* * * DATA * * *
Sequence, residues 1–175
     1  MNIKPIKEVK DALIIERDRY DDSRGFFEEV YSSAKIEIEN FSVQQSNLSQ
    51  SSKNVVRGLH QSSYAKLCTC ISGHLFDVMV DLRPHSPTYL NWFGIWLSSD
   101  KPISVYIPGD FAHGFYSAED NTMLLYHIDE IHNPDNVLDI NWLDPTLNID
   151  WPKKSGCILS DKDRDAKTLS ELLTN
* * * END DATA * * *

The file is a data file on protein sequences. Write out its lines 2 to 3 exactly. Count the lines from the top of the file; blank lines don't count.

     1  MNIKPIKEVK DALIIERDRY DDSRGFFEEV YSSAKIEIEN FSVQQSNLSQ
    51  SSKNVVRGLH QSSYAKLCTC ISGHLFDVMV DLRPHSPTYL NWFGIWLSSD